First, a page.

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'Twick' Morrison, racial justice advocate, dies

A UMNS Report
By Linda Green*

Feb. 8, 2008

Martha Cooper
"Twick" Morrison

Martha Cooper "Twick" Morrison, 76, a champion of racial justice and reconciliation in Mississippi and across The United Methodist Church, died Feb. 7 at home in Vicksburg with her family, following a 20-month battle with lung cancer.

"My wife was a remarkable woman who was loved dearly by her family," said Robert Morrison, husband of 55 years.

She was born in Turner's Station, Ky., and graduated from Blue Mountain College with a bachelor of arts degree. She later was awarded an honorary doctor of humanities degree. She also received a master of arts degree in English from the University of Mississippi.

Morrison was president of the Foundation for United Methodist Communications from 2004 to 2006, and served on its board of directors for 10 years. The Rev. Larry Hollon, top executive of United Methodist Communications, described Morrison as a "tireless advocate for justice and a determined voice for ending poverty."

As the president of Foundation for United Methodist Communications, Morrison brought "enthusiasm and generosity" to the foundation’s work, Hollon said. She "energized others and inspired us all to work harder for our mission to communicate effectively about poverty and to provide the means for those without voice to have the tools, training and capacity to tell their own stories," he said. Under her leadership, the foundation more than doubled its charitable income.

"She will be greatly missed, but her commitment to doing the right thing for all people will live on through her hundreds of friends," Hollon said. "Standing for justice, embracing all and living out compassion is her legacy."

‘Sent for a purpose’

Morrison served in numerous leadership and teaching capacities on local, regional and national levels for more than 50 years across the denomination, including as vice president of the Women's Division of the United Methodist Board of Global Ministries. She taught in the Schools of Christian Mission, an annual education program from the Women's Division, and was a leader of the Mississippi Annual (regional) Conference, coordinating the work of the laity across the state.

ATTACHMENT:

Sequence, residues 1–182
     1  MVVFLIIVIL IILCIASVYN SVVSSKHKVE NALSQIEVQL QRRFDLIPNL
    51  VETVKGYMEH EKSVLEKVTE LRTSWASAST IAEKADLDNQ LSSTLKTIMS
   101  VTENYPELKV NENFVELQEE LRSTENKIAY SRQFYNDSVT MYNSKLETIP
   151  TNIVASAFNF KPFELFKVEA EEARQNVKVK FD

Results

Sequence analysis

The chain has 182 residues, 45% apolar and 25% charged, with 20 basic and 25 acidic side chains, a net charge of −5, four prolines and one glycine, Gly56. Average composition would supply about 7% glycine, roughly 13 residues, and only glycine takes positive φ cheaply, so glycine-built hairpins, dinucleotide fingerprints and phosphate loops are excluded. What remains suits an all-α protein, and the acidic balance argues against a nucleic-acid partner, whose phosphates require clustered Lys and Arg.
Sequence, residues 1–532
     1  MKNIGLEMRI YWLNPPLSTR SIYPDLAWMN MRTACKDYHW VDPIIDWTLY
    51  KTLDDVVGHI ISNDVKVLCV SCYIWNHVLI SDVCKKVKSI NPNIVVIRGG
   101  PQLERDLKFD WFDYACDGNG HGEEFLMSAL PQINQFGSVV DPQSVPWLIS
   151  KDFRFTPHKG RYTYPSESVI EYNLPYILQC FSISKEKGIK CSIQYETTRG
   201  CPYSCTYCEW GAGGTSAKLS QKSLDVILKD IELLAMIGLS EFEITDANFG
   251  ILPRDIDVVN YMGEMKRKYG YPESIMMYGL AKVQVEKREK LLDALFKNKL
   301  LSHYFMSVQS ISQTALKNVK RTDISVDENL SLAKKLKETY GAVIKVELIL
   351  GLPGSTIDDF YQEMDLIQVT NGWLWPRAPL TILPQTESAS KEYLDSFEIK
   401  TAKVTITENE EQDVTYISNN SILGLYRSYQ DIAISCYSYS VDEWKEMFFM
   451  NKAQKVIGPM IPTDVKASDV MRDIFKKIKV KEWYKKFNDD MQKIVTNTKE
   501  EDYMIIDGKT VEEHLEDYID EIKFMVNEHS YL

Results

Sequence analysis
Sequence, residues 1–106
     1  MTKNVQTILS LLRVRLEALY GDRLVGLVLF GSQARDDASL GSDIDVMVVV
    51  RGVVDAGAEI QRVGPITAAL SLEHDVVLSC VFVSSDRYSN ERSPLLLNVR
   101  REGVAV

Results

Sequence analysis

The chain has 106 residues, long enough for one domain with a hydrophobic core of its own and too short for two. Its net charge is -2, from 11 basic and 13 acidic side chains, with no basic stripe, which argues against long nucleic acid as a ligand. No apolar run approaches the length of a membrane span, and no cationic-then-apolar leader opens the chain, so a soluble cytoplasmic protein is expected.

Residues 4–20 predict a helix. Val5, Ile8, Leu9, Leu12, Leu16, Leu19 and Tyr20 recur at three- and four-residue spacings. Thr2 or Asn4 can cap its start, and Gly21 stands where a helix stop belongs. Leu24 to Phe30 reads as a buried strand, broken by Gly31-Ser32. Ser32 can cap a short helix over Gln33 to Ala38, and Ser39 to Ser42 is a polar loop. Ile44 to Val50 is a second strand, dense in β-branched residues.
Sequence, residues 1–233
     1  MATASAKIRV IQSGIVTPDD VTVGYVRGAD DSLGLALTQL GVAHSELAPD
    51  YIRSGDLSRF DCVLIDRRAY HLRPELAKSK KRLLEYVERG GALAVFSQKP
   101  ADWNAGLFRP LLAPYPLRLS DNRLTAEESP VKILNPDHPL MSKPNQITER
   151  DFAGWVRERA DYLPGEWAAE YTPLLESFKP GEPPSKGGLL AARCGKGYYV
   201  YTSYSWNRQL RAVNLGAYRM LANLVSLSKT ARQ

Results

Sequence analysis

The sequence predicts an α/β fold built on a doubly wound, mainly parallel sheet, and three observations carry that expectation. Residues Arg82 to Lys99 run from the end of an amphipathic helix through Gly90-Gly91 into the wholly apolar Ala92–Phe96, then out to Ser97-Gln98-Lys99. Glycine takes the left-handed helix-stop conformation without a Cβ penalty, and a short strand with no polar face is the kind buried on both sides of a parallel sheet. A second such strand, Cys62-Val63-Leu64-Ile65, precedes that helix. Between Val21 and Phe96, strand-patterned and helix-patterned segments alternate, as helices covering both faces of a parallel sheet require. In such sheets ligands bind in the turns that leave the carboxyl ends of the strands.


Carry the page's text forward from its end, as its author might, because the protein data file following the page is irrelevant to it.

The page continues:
"She was a very special person who touched a lot of lives."– Jackie Pennington

She was one of five United Methodist lay representatives in the General Assembly of the National Council of Churches and participated in mission trips in Africa, India, Southeast Asia, Russia, Eastern Europe, Central America, South America and the Caribbean Basin. She was also founding member of the Good Shepherd Community Center in Vicksburg, Miss. and was recently named a recipient of the Livesay Service Award by United Methodist-related Millsaps College in Jackson, Miss. She was a member of Crawford Street United Methodist Church in Vicksburg.

"It is hard to sum up Twick in a few words," said Jackie Pennington, a friend and president of the Mississippi Conference of United Methodist Women. "She was a very special person who touched a lot of lives."

Mississippi Bishop Hope Morgan Ward agreed. "The arms of Twick's faith were always up and out. You saw God in her, with her, through her and around her. She was sent among us for a purpose."

‘A powerful presence’

According to Lois Dauway, an executive with the Women's Division, Morrison "was small in height, but had a powerful presence in very profound ways."

Dauway noted Morrison’s passion for racial justice. "I found it inspiring to meet a woman with such passion from Mississippi. She was a very savvy person who understood and loved the church enough to challenge its structure and policies."

Before her death, Morrison designed her "celebration of life service," including the prayers, liturgy, hymns, said Ward, adding that Morrison wanted the Lord's Prayer recited at her funeral. She placed an emphasis on "Thy will be done on Earth as it is in heaven."

In addition to her husband, survivors include two sons and their wives, Paul Cooper and Frances Rone Morrison of Jackson, Miss., and Robert R. III and Corin Coleman Morrison of Vicksburg, as well as seven grandchildren.

The funeral service was scheduled for Feb. 9 at Crawford Street United Methodist Church. Burial was to follow in Cedar Hill Cemetery.

Memorials may be made to Crawford Street United Methodist Church, 1408 Cherry St., Vicksburg, MS 39180, or Good Shepherd Community Center, 629 Cherry St., Vicksburg, MS 39180.

*Green is a United Methodist News Service news writer based in Nashville, Tenn.

News media contact: Linda Green, (615) 742-5470 or newsdesk@umcom.org.

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